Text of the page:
One trend to watch for in 2013 is consolidation and growth in rural broadband in the U.S. AT&T and Verizon are backing – sometimes running full speed – away from the wireline business in less densely populated markets. That's an opportunity for entrepreneurs with rural telecoms experience to create their own kind of economies of scale.
Frontier Communications is well down that road, with five million phone lines under its management nationwide. Like Google, Surewest is looking to Kansas as a growth opportunity. Here in California, Sebastian is expanding from its home base in Kerman, acquiring another small telco in the Sierra foothills and positioning itself as the go to company for rural telecommunications construction. Suddenlink has discovered how to run geographically scattered cable systems with a lean and mobile staff.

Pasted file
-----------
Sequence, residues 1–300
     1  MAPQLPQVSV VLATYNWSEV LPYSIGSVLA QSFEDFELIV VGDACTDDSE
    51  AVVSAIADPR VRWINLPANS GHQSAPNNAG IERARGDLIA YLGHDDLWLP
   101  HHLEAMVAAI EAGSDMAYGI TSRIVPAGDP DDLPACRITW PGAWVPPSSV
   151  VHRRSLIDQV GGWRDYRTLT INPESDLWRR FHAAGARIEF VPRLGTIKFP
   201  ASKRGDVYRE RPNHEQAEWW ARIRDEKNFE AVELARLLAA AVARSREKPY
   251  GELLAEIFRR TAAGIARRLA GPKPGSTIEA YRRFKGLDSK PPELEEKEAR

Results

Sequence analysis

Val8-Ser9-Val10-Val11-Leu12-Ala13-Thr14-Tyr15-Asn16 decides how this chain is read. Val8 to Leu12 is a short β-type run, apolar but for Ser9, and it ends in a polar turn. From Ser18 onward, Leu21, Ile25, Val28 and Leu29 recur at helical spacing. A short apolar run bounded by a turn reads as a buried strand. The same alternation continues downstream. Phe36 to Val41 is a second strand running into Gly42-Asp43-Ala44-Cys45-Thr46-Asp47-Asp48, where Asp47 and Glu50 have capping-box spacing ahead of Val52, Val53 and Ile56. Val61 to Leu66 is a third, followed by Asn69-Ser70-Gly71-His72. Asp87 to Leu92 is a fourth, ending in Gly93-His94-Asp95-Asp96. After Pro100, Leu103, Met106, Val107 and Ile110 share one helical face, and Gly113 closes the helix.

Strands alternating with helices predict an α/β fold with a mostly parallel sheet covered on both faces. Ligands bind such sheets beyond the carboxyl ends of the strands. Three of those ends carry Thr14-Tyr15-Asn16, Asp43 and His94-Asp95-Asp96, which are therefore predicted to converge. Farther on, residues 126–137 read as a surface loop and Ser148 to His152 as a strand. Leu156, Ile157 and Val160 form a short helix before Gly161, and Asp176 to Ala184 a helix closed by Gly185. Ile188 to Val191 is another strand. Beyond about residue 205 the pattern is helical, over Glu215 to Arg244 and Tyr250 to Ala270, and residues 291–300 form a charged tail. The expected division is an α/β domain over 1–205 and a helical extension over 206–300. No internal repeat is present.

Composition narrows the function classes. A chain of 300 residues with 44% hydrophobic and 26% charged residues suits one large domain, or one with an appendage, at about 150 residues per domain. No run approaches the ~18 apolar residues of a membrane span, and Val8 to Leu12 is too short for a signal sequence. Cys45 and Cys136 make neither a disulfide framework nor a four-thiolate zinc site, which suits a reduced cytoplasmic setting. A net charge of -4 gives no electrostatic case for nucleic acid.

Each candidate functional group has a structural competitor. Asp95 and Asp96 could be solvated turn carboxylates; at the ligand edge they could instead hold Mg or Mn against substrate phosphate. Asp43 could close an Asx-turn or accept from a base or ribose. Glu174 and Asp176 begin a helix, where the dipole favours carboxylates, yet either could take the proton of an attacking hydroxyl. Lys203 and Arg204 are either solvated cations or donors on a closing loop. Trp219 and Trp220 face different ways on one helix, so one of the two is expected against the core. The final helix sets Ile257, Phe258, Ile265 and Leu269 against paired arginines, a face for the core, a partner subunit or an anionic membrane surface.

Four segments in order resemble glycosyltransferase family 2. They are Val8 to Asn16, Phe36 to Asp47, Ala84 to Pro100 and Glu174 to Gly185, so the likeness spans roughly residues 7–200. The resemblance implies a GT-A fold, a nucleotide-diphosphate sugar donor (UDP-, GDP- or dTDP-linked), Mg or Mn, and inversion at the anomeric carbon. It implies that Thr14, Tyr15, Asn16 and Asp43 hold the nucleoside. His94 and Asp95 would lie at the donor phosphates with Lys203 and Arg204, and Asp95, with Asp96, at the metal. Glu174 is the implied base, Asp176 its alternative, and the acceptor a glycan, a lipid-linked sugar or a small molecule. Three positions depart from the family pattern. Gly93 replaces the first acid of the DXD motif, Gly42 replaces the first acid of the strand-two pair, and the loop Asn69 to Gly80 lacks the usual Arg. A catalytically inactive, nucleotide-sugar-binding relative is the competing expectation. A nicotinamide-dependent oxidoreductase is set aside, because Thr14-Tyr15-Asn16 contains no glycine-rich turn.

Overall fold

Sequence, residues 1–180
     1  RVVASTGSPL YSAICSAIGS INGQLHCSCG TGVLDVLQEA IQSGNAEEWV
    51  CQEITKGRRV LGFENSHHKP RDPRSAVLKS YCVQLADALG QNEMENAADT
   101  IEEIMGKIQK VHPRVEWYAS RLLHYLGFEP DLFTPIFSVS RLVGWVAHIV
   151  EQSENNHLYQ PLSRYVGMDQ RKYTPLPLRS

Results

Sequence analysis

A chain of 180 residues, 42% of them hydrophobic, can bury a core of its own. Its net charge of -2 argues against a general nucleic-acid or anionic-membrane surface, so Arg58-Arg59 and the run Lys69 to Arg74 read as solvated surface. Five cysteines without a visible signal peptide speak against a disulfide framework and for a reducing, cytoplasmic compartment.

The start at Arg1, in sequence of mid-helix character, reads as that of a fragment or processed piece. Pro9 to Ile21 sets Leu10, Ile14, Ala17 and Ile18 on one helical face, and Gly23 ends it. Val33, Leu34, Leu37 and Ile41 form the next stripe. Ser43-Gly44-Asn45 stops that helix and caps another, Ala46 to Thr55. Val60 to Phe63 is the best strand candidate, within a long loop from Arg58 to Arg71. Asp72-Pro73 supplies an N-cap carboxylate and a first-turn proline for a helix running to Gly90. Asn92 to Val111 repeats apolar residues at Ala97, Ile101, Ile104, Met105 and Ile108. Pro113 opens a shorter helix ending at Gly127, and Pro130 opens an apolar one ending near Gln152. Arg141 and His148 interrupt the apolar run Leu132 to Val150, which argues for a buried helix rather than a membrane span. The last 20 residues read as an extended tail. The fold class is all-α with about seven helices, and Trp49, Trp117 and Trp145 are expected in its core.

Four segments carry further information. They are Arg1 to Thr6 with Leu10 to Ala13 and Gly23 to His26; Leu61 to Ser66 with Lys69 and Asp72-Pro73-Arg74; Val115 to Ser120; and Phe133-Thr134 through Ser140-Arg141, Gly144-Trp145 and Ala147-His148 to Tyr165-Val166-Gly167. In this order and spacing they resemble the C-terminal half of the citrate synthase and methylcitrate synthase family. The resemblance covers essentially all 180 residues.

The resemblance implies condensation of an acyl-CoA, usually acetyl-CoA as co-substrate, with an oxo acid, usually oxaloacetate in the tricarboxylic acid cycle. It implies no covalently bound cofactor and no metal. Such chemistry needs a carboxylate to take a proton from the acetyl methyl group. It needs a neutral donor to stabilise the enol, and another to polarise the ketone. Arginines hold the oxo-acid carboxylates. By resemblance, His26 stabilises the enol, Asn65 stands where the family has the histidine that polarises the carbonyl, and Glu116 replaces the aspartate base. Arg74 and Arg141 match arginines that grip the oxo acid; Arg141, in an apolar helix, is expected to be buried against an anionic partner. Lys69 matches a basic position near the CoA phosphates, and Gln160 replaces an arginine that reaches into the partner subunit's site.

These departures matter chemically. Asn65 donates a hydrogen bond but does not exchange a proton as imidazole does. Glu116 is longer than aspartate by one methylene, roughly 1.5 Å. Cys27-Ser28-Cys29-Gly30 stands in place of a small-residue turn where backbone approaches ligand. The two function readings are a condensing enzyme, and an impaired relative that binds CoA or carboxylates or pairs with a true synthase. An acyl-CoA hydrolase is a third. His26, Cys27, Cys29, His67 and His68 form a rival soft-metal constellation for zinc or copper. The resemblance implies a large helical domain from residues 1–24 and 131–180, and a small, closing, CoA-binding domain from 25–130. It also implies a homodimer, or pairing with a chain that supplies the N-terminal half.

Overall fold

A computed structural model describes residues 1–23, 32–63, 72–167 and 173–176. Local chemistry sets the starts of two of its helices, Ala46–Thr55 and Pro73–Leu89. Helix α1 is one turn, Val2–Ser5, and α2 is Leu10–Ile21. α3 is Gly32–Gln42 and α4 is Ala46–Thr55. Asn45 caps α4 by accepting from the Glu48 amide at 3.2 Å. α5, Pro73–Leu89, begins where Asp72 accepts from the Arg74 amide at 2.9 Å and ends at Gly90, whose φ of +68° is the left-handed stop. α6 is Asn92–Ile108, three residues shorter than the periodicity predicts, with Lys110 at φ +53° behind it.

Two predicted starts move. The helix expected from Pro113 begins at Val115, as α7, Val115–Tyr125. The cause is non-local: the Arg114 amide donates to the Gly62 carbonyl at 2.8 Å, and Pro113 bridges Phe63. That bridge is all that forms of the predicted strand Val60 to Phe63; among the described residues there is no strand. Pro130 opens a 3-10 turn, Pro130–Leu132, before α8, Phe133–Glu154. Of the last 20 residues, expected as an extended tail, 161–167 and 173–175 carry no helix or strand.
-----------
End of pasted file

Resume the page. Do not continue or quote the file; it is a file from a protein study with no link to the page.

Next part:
But that's just the first wave crashing on shore. The one built on legacy systems. It's the next wave that will run up and over the beach.
Fiber backbones are easier to build outside of metropolitan areas, when people are of a mind to cooperate. The options for last mile service – wireless, legacy copper and maybe even fiber – are gaining in effectiveness while holding steady on costs.
Dispersed and fully digitally native, small management and operations teams have no trouble keeping in touch with networks, customers and each other. Networks can scale up while head counts and costs stay relatively flat.
This coming year, watch for one or two embrace these advantages introduce new service delivery and business models that overcome the high fixed costs of broadband infrastructure and the low marginal revenue of rural markets.